The Skeptical Environmentalist offers a less pessimistic account of the likely extent and implications of global warming, of which fossil fuel based energy is the main cause. Lomborg suggests that a 2–2.5C increase in temperature by the end of the century is most likely, whilst admitting that this is uncertain due to the limitations in our knowledge and the difficulties of predictive modelling. Again this has been contested by WRI who suggest that Lomborg ignores some well established research into global warming such as that by the US National Academy of Sciences. Lomborg points out that some of the consequences of higher temperatures, such as the various dangers to human health and increased flooding due to higher sea levels, will be preventable in those areas which have the resources to cope with them.
This brings us onto a final feature of the optimistic outlook of The Skeptical Environmentalist. Lomborg shifts subtly between trying to show that an environmental problem is not as bad as has been claimed by organisations such as Worldwatch and trying to show that a problem is not caused by the limitations of ecological resources themselves but the structure of society and how it allocates resources. This second form of argument means that the cause of the problem lies in the economic system rather than ecology alone. In some key areas, such as water supplies and agriculture, Lomborg’s argument is of this second type and the question of whether capitalism can achieve a better allocation of resources remains to be answered.
For Brown, on the other hand, a profound cultural shift is necessary for achieving an ‘eco-economy’—one where ecology takes precedence over economics. Socialists (in this journal and elsewhere) have rejected the suggestion that any goal can subsume the profit motive under capitalism. Still, socialists do take on board the concerns of the environmental movement and the material possibilities that they suggest for addressing them. Eco-Economy draws these suggestions together and offers the kind vision of sustainable production many aspects of which could be taken on board in a socialist society.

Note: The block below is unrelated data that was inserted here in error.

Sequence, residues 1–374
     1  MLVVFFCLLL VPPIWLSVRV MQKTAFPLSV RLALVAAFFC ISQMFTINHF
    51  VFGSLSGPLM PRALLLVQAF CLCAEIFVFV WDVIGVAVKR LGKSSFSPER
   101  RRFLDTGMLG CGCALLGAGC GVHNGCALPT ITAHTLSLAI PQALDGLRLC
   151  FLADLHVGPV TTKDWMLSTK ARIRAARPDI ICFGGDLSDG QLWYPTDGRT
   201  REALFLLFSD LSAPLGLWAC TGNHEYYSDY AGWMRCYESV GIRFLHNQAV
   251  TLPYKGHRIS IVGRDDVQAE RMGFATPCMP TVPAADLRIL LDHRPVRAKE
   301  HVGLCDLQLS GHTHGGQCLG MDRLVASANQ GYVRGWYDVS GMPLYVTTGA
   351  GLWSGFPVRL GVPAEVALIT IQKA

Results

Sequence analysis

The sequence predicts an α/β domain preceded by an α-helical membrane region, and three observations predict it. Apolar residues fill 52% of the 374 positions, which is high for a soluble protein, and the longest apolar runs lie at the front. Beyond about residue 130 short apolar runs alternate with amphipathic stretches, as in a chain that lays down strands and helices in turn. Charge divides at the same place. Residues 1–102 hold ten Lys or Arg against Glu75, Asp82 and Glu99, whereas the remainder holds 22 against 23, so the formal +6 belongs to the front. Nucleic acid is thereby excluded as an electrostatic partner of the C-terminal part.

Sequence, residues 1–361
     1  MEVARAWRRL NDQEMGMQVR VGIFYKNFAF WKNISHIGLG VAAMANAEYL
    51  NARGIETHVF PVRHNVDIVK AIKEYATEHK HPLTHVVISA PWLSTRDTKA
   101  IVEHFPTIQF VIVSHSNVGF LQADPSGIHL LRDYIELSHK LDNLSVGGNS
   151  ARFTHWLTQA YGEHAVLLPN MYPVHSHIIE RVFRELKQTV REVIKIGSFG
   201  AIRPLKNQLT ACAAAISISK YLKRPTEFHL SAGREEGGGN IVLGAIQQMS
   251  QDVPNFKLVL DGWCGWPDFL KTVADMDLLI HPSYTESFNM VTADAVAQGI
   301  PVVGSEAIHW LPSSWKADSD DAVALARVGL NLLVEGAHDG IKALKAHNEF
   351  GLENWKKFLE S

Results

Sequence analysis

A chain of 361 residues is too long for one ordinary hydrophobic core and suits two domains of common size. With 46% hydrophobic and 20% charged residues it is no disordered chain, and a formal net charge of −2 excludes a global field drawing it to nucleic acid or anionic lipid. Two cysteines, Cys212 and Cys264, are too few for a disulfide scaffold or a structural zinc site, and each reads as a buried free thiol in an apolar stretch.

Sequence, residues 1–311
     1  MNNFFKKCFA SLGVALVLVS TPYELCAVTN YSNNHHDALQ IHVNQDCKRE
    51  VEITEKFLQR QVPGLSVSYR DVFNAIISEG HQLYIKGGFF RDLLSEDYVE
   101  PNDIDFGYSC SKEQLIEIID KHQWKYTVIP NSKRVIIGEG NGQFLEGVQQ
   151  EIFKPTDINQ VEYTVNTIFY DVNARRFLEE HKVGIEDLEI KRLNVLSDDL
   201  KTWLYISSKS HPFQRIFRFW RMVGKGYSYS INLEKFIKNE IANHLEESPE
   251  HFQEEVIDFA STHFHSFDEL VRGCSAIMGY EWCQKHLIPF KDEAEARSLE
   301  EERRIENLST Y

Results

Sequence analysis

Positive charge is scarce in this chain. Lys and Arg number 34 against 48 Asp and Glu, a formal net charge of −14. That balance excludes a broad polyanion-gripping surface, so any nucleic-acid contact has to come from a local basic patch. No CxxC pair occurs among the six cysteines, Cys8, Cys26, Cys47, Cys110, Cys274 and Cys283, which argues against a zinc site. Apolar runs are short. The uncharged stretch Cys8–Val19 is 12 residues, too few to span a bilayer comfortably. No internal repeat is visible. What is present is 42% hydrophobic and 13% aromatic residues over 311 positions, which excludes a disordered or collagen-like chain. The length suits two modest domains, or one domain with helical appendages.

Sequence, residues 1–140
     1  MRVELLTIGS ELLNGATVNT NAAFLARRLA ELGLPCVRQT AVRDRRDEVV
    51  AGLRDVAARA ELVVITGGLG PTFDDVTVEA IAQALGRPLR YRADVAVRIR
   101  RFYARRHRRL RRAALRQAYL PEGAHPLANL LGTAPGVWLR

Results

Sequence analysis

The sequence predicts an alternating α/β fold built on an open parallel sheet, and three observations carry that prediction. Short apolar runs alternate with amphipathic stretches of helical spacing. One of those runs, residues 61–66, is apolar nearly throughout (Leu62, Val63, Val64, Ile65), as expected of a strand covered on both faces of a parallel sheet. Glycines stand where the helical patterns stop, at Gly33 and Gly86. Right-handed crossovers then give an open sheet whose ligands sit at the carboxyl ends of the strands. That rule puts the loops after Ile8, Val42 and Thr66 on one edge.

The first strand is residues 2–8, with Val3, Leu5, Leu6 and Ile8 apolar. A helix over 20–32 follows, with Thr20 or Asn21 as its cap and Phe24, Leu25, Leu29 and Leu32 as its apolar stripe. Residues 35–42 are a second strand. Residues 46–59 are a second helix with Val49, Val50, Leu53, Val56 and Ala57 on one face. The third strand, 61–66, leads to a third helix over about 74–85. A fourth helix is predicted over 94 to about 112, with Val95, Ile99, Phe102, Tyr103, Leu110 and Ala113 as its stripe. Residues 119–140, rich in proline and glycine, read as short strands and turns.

Suggestions such as improving public transport, expanding renewable energy supplies and recycling will not be news to anyone who is concerned about the state of the planet. The Skeptical Environmentalist also includes these possibilities and Lomborg actually places more of an emphasis upon the potential global abundance of key natural resources such as food, energy and water as part of his attempt to dispel what he describes as the “doom mongering” of organisations such as Worldwatch.
Brown calls for improved information and media coverage in order to encourage a redirection towards sustainable technologies. Yet Brown does not refer to the vested interests of capitalism that often stand in the way of achieving sustainability (and cause socialists to question the view that a cultural shift is enough to ensure sustainability while capitalism continues to exist).
Rather than seeing a cultural change as being necessary, Lomborg suggests that “business as usual” under capitalism already has (and will continue to) bring about improvements in environmental management. He simplistically points to the improvement in the average standard of living that capitalism has brought about as evidence that more resources will be available in future for managing the environment.
In spite of their different conclusions about the state of the planet, both Brown and Lomborg call for a redirection of resources within capitalism via subsidies and taxes. Indeed, their differing prescriptions for the future partly rest on their perceptions about how easy such a reduction would be to achieve. There may have been some problems which have been alleviated by these means, such as sulphur dioxide emissions and acid rain in the advanced industrial nations. In renewables, as we have seen, there will be some improvement, although this has been delayed, not facilitated, by capitalism. Other areas, where there is short term profit to be made at the expense of long term sustainability (fisheries, forests, agriculture), will continue to see problems. A solution (in the case of Brown) and a cause for optimism (in the case of Lomborg) is far from reassuring when it hinges upon a call for environmental subsidies at a time when global capitalism is seeking to reduce them in many areas, as can be seen from an analysis of proceedings of the World Trade Organisation and its institutional predecessors.
Even Lomborg acknowledges problems such as world hunger, over-exploitation of forests and oceans and future problems to be expected from global warming (although the argument about the scale of the problems will continue). Indeed there are issues which are not discussed by Lomborg such as nuclear waste and over-intensive farming. There are potential future environmental risks posed by fast developing, new technologies. These could arise from new means by which the genetic structures of the natural world might be altered (not to mention possible manipulation at the molecular level.) This further emphasises the need for democratic, social control of how the resources of our planet are managed. Brown is right to find cause for concern. It is telling that a such a lengthy attempt to counter warnings about the future direction of captialism cannot convince us to think otherwise.